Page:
ARGOS
02-11-2009, 10:15 PM
Gee hydraulic controller. One dial is bakelite and the owner thinks the other dial was changed, I agree. I took these photos today.

The heads say H L Gee MFG Co. Beverly Hills. There is a stuck valve. I haven't worked on it yet.

Wet_Boots
02-12-2009, 08:15 AM
Neato! Not sure I ever encountered hydraulic other than Toro's.

Waterit
02-12-2009, 08:41 AM
Beverly Hills? Surprised they're not covered in rhinestones and glitter.

Wet_Boots
02-12-2009, 09:13 AM
Looks like a heck of a repair job when the clock and/or valves give out payup

Mike Leary
02-12-2009, 09:14 AM
There is a stuck valve. I haven't worked on it yet.

Nice shoe shot! Looks like the system was pretty spiffy in its day.

rlpsystems
02-12-2009, 08:08 PM
I gotta 12 pack of MGD. You wanna trade for that sweet a$$ contoller

EagleLandscape
02-12-2009, 09:01 PM
cool shoe.........

rlpsystems
02-12-2009, 09:30 PM
cool shoe.........

Sorry to offend you John.

bicmudpuppy
02-12-2009, 09:57 PM
They say the mind is the first thing to go..........WHAT brand are those valves???? Looks familiar and that is SCARY. I don't think I've ever seen a hydraulic system that was manifolded like that. It should make your life easier. To bad your not going to find repair parts. Those look very serviceable. I think I would put a century globe angle back in. I think you can even get a hydraulic option instead of using a converter solenoid on them. Normally open? or are those vent lines? and normally closed?

ARGOS
02-12-2009, 10:41 PM
I don't think I've ever seen a hydraulic system that was manifolded like that. It should make your life easier. To bad your not going to find repair parts. Those look very serviceable. I think I would put a century globe angle back in. I think you can even get a hydraulic option instead of using a converter solenoid on them. Normally open? or are those vent lines? and normally closed?

Parts? The guy that owns the home "fabricates" the parts. He is a wizard. He refurbishes old cars for a living. Right now he is refurbishing a 1909 Rolls Royce. I mean assembles these cars up bolt by bolt. Some of the cars he has worked on sell for over 2 mil.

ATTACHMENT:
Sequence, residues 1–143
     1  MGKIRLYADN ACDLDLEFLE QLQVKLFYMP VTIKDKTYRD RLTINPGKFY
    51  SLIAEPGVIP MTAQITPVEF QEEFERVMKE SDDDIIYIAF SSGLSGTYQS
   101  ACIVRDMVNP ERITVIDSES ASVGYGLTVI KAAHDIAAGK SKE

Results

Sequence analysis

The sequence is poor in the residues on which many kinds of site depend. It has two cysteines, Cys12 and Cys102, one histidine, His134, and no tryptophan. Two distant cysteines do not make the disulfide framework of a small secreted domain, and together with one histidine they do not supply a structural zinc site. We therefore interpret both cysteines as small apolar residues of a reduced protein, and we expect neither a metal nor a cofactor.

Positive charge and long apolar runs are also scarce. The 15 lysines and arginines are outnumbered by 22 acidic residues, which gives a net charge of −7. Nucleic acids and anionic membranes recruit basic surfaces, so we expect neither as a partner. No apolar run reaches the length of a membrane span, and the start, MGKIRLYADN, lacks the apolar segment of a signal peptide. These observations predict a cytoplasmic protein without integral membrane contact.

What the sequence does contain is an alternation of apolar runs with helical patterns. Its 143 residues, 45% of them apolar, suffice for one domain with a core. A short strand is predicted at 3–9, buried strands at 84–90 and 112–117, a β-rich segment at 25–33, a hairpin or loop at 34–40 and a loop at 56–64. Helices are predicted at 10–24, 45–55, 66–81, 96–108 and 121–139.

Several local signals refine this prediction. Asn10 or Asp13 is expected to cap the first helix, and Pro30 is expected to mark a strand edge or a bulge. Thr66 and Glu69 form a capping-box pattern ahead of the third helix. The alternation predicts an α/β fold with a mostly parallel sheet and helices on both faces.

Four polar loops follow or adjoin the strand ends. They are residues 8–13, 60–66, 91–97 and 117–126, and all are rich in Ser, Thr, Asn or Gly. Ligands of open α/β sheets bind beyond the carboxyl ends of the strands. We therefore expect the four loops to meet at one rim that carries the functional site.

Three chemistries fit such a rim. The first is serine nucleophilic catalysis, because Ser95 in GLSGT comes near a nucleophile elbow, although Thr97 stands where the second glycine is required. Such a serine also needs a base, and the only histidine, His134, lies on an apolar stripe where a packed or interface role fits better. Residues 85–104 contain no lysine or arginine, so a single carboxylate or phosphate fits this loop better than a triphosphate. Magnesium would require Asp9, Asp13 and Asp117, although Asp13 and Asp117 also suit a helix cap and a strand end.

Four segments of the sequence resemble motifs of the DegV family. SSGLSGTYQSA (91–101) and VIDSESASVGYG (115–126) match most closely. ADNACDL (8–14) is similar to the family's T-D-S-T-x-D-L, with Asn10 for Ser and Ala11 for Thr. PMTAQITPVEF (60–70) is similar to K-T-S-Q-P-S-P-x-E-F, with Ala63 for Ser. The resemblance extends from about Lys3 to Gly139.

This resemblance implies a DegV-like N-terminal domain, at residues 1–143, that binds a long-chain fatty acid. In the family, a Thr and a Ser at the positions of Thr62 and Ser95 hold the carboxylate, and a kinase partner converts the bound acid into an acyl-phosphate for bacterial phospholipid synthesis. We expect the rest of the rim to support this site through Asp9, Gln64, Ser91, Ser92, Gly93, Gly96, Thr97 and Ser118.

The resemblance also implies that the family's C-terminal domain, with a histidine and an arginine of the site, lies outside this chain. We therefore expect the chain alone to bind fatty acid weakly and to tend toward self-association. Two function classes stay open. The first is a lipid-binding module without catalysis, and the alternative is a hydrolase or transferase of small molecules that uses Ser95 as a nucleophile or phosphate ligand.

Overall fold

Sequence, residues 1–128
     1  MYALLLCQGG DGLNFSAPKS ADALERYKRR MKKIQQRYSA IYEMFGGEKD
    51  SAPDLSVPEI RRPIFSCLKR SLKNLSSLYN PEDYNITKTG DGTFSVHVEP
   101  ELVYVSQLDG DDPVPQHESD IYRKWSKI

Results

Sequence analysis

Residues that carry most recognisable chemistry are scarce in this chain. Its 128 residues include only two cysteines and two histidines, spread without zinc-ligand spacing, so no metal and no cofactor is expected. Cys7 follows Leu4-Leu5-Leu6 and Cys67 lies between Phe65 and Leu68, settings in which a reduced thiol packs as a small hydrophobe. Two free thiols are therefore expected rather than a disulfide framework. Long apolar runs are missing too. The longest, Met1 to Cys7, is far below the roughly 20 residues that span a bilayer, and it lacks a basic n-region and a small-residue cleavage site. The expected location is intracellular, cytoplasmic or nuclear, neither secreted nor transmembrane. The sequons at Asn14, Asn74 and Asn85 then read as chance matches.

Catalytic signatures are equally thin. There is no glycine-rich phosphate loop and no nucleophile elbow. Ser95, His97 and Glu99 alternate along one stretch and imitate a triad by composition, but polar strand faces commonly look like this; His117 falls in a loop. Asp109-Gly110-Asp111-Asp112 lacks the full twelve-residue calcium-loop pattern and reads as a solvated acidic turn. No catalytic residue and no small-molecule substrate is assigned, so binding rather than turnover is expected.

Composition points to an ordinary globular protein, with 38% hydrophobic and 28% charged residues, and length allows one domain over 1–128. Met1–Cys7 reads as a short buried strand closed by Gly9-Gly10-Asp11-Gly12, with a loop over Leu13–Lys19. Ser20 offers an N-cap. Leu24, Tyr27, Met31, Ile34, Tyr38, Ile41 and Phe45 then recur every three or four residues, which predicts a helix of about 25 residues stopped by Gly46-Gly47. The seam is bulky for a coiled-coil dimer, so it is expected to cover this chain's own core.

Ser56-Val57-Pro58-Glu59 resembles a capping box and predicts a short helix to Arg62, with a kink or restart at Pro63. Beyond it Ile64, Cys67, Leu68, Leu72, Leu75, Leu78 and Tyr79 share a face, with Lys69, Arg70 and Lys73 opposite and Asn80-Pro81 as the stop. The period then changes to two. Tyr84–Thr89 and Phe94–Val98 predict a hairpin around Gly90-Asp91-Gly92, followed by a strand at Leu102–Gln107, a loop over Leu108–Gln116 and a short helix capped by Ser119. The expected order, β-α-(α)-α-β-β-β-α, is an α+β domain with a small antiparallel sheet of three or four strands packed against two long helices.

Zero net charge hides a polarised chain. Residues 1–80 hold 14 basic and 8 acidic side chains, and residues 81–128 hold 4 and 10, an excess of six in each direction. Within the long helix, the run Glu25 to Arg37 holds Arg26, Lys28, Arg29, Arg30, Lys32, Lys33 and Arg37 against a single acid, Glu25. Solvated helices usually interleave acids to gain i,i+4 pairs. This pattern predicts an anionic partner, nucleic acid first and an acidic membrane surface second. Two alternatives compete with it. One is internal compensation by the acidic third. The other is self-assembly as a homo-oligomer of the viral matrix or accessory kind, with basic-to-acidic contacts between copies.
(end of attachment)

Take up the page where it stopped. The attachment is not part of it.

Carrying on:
Normally open lines. Your ahead of me on this, good question.

I wear a size 9. The shoe is for reference.

bicmudpuppy
02-12-2009, 11:10 PM
Making rubber diaphragms ain't like milling metal parts. Not saying it can't be done, but...........yeah. If he will pay you to disassemble and reassemble "his" parts, go for it, but take some pictures! I didn't look, but check the irritrol century series globe angles. I still think you can get them either w/ a hydraulic adapter or as a hydraulic valve.

ARGOS
02-13-2009, 10:03 AM
Making rubber diaphragms ain't like milling metal parts. Not saying it can't be done, but...........yeah. If he will pay you to disassemble and reassemble "his" parts, go for it, but take some pictures! I didn't look, but check the irritrol century series globe angles. I still think you can get them either w/ a hydraulic adapter or as a hydraulic valve.

I haven't had it apart, but he said there are no rubber parts.

His assistant said that the 1909 Rolls has no rubber seals either. I think they said the seals are bronze?

TRILAWNCARE
02-13-2009, 10:33 AM
I haven't had it apart, but he said there are no rubber parts.

His assistant said that the 1909 Rolls has no rubber seals either. I think they said the seals are bronze?


I'm just wondering if this guy knows so much about the system and can make his own parts to fix it. Can take a Rolls apart bolt by bolt, and put it back together.

Why is he asking you to fix it??????

Mike Leary
02-13-2009, 11:11 AM
Why is he asking you to fix it??????

He likes clown cars in his driveway.